Applying positive pressure at the end of each breath during anaesthesia for prevention of mortality and postoperative pulmonary complications

Review question

We reviewed the evidence on the effects of positive end-expiratory pressure (PEEP) during general anaesthesia in adult patients 16 years of age and older.


PEEP is a mechanical technique that is often used for ventilating an unconscious patient. The technique involves adding a quantity of pressure into the lungs at the end of each breath. This process causes a degree of deflation in the lungs and can collapse some areas because between breaths, the lungs contain less air than usual. By adding positive pressure at that time, we aim to reinflate the collapsed areas of the lung (atelectasis). Although PEEP can be used during general anaesthesia, some lung areas collapse at the end of the anaesthetic procedure. We do not know whether patients who receive PEEP have lower risks of postoperative mortality (approximately 3% to 5% of adult patients) or respiratory complications. In this review, we aimed to assess the postoperative benefits and harms of using PEEP during general anaesthesia.

Study characteristics

The evidence is current to October 2013. We found 10 randomized clinical trials involving 432 participants. The main limitation of our review was our inability to identify studies analysing intraoperative data.

Key results

Six trials reported mortality. We pooled these data and found no differences between the group of patients who received PEEP and those who did not, but because of the small number of patients, and the fact that this outcome may be rare, these results did not allow us to make a conclusion about the effect of PEEP on mortality. Two results suggested some benefit of PEEP. First, oxygenation was better on the day after surgery in the PEEP group. Second, radiological imaging showed less atelectasis after surgery in the PEEP group. The studies that we found did not suggest that intraoperative PEEP causes harm.

Because of the small number of studies, this finding is inconclusive. We performed calculations to predict how many more participants would be needed before reliable conclusions can be made about the effect on mortality of the application of PEEP. This number was 21,200.

Evidence is currently insufficient to allow conclusions about how intraoperative PEEP affects postoperative mortality and respiratory complications.

Quality of the evidence

The quality of the evidence is very low because of poorly conducted studies, small numbers of participants and low event rates.

Authors' conclusions: 

Evidence is currently insufficient to permit conclusions about whether intraoperative PEEP alters risks of postoperative mortality and respiratory complications among undifferentiated surgical patients.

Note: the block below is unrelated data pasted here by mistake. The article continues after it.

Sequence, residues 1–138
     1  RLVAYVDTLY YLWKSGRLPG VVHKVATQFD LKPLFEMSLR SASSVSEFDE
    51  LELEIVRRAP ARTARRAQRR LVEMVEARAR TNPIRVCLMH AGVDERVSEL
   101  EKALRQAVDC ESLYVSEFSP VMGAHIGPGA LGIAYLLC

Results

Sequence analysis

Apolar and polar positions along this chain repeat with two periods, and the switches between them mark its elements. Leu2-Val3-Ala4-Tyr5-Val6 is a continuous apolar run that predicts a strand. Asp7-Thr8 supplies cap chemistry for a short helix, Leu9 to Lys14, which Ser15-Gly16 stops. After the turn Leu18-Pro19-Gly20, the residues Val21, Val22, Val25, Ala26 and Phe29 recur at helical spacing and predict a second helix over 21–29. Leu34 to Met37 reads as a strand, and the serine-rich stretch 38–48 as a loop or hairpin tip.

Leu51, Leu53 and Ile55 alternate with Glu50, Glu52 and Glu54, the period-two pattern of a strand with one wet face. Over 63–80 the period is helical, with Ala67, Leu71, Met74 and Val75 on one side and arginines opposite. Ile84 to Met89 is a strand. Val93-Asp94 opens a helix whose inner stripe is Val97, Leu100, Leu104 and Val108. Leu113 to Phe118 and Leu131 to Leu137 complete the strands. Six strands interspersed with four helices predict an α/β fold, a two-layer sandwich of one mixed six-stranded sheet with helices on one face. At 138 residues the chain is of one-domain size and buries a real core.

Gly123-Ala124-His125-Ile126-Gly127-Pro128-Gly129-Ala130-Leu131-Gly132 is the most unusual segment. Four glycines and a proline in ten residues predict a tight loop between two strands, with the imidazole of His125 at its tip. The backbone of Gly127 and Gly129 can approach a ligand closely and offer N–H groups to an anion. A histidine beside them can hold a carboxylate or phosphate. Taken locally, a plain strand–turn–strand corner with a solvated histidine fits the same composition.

Read the full abstract...

General anaesthesia causes atelectasis, which can lead to impaired respiratory function. Positive end-expiratory pressure (PEEP) is a mechanical manoeuvre that increases functional residual capacity (FRC) and prevents collapse of the airways, thereby reducing atelectasis. It is not known whether intraoperative PEEP alters the risks of postoperative mortality and pulmonary complications. This review was originally published in 2010 and was updated in 2013.


To assess the benefits and harms of intraoperative PEEP in terms of postoperative mortality and pulmonary outcomes in all adult surgical patients.

Search strategy: 

We searched the Cochrane Central Register of Controlled Trials (CENTRAL) 2013, Issue 10, part of The Cochrane Library, as well as MEDLINE (via Ovid) (1966 to October 2013), EMBASE (via Ovid) (1980 to October 2013), CINAHL (via EBSCOhost) (1982 to October 2013), ISI Web of Science (1945 to October 2013) and LILACS (via BIREME interface) (1982 to October 2010). The original search was performed in January 2010.

Selection criteria: 

We included randomized clinical trials assessing the effects of PEEP versus no PEEP during general anaesthesia on postoperative mortality and postoperative respiratory complications in adults, 16 years of age and older.

Data collection and analysis: 

Two review authors independently selected papers, assessed trial quality and extracted data. We contacted study authors to ask for additional information, when necessary. We calculated the number of additional participants needed (information size) to make reliable conclusions.

Main results: 

This updated review includes two new randomized trials. In total, 10 randomized trials with 432 participants and four comparisons are included in this review. One trial had a low risk of bias. No differences were demonstrated in mortality, with risk ratio (RR) of 0.97 (95% confidence interval (CI) 0.20 to 4.59; P value 0.97; 268 participants, six trials, very low quality of evidence (grading of recommendations assessment, development and evaluation (GRADE)), and in pneumonia, with RR of 0.40 (95% CI 0.11 to 1.39; P value 0.15; 120 participants, three trials, very low quality of evidence (GRADE)). Statistically significant results included the following: The PEEP group had higher arterial oxygen pressure (PaO2)/fraction of inspired oxygen (FiO2)on day one postoperatively, with a mean difference of 22.98 (95% CI 4.40 to 41.55; P value 0.02; 80 participants, two trials, very low quality of evidence (GRADE)), and postoperative atelectasis (defined as an area of collapsed lung, quantified by computerized tomography scan) was less in the PEEP group (standard mean difference -1.2, 95% CI -1.78 to -0.79; P value 0.00001; 88 participants, two trials, very low quality of evidence (GRADE)). No adverse events were reported in the three trials that adequately measured these outcomes (barotrauma and cardiac complications). Using information size calculations, we estimated that a further 21,200 participants would have to be randomly assigned to allow a reliable conclusion about PEEP and mortality.